•      Again, we must stress that we fear that the proposed PEIA plan is the first step in eliminating all state-provided benefits for future retirees. If public employees lose this benefit, we will never get it back!


  •     The proposed PEIA plan represents cost-shifting as its worst as the proposal increases the cost of health insurance on the backs of those who can least afford it – our retirees.


  •      Retirees who need insurance the most (those with chronic conditions and who are in need of regular medical attention) will be hurt financially the most.


  •      Out of pocket costs will be higher for Medicare eligible retirees. Based on average to high utilization rates, retirees will see an increase in their healthcare costs of approximately $30 to $85 per month. 


  •      Retirees do not receive cost-of-living increases.  For those on fixed income (the vast majority of our retirees), this proposal will significantly reduce their month income and force retirees to choose between seeking medical care or purchasing groceries.


  •        Rather than balancing the budget on the back of our retirees, AFT-WV believes we should be proactive and concentrate on long term plans for health care management.  It is estimated that 80% of health care expenditures are for those with chronic illnesses.  Studies show that with substantial and practical education programs like disease management programs, medical directors and tobacco cessation programs, those expenditures are drastically reduced.


  •       Although the proposed changes are going to drastically affect some retirees (mostly those that are the sickest and oldest), it is only a drop in the bucket to what will happen to the future 65ers.  Here’s why….  Since this is the first year of the change, PEIA has gone "over the top" to make the impact as seem as minimal as possible.  PEIA has not discussed future retirees.  Also, the US Congress appropriates monies for Medicare.  What happens if they appropriate less money next year or 5 years from now?  Will the state come back and pick up those costs?  If so, where will they get the money?  We happen to have a good economy now and can help some of these folks.  What happens when the economy turns sour?  Will our current or any future governor step up to the plate?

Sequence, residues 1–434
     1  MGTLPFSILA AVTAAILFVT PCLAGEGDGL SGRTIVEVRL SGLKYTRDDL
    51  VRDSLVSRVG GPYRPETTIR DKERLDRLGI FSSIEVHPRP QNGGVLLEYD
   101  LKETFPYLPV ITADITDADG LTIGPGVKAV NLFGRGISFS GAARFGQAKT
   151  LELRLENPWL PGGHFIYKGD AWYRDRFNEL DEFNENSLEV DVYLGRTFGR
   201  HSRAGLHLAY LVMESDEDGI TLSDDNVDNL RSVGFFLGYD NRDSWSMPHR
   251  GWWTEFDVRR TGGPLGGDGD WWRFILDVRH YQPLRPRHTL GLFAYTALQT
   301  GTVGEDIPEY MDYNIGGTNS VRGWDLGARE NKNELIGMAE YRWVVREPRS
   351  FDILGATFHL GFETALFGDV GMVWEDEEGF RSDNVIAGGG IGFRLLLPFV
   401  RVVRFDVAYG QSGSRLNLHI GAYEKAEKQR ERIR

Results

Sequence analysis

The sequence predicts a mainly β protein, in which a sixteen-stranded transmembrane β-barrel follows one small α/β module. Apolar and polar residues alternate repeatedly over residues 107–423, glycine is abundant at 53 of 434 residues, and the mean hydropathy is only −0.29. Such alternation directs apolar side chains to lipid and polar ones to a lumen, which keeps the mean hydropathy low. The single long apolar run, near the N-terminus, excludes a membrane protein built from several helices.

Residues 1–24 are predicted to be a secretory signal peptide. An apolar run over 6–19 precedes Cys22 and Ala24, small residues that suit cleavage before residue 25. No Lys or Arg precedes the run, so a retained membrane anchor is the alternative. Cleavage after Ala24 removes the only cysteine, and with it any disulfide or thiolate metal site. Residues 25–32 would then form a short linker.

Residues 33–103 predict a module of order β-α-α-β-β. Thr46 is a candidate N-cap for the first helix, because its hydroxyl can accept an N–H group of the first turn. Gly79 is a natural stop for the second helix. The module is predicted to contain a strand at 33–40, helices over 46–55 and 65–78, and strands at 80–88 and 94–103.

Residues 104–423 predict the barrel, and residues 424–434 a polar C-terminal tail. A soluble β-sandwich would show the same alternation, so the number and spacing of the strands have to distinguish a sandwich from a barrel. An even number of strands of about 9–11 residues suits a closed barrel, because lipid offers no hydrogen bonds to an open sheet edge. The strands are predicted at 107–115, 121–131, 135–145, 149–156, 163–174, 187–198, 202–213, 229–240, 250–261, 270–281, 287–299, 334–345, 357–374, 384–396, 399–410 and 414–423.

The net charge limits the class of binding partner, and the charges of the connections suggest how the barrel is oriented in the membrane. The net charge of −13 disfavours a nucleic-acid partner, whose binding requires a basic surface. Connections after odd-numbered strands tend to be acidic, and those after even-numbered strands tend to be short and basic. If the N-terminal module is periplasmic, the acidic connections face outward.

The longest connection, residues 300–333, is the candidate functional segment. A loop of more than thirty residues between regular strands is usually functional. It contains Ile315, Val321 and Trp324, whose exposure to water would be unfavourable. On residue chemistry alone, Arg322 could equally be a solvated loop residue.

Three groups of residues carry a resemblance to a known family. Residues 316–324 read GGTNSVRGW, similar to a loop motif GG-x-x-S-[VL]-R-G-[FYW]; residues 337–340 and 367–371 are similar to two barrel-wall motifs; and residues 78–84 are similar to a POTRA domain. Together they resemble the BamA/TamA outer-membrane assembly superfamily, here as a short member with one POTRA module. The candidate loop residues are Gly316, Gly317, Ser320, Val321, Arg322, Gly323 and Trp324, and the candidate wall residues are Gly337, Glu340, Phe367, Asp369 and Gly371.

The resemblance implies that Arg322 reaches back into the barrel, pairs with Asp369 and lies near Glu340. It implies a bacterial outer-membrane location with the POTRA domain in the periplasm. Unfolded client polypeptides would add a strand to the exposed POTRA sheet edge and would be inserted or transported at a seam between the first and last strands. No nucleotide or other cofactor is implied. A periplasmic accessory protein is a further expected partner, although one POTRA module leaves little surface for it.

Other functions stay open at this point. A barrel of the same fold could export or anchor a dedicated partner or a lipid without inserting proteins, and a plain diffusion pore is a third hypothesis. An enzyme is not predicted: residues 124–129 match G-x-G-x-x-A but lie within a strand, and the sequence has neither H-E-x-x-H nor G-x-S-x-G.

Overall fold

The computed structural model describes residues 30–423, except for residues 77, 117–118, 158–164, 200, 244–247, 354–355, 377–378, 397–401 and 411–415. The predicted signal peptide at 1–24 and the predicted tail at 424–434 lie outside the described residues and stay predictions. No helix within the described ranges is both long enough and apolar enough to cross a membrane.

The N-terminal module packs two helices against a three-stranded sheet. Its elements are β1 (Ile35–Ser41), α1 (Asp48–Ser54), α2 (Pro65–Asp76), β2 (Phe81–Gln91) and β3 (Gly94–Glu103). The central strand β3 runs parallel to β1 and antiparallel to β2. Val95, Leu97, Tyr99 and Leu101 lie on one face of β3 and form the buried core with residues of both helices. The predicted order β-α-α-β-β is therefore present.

•       We believe this is the first step in eliminating health care for retirees.  The state of WV has never appropriated money in the retiree subsidy line item and never will.  It has always been the active employees that carry the retirees, not the state. This proposal makes one wonder…What's next for retirees, removal from drug plan and even worse, removal of pre-Medicare benefits?

  •       Teachers in WV make less than every contiguous state.  One benefit that helps attract and retain highly qualified teachers is the PEIA benefit upon retirement.  By removing that benefit, it will amputate one of the legs we have been standing on for years

  •      When teachers retire, they look at future costs related to health care.  What are we going to do with those retirees at 62 or 63 who did not plan for these dramatic health care cuts?  The legislature has never funded a COLA and probably never will;  not until the pension debt is stable.  These folks may only be left with one option: bankruptcy.


Feel free to use these talking points at the PEIA Public Hearings.

Hearing schedule is as follows:

Customer Service 4 - 6 p.m.

Hearing Registration begins at 5:30 p.m

Public Hearing from 6 – 8 p.m.

Those wishing to speak must indicate that at registration.

December 4

Holiday Inn
301 Foxcroft Avenue

December 5

Northern Community College

1704 Market Street

December 7

Ramada Inn
119 S. at I-68 and I-79

December 11

Charleston Civic Center
200 Civic Center Drive

December 12

One Tamarack Park

December 14

Marshall University Medical Center
Joan C. Edwards School
of Medicine
Harless Auditorium

1600 Medical Center Drive



Customer service sessions will be offered from 4 - 6 p.m., providing members an opportunity to ask benefit questions of customer service specialists.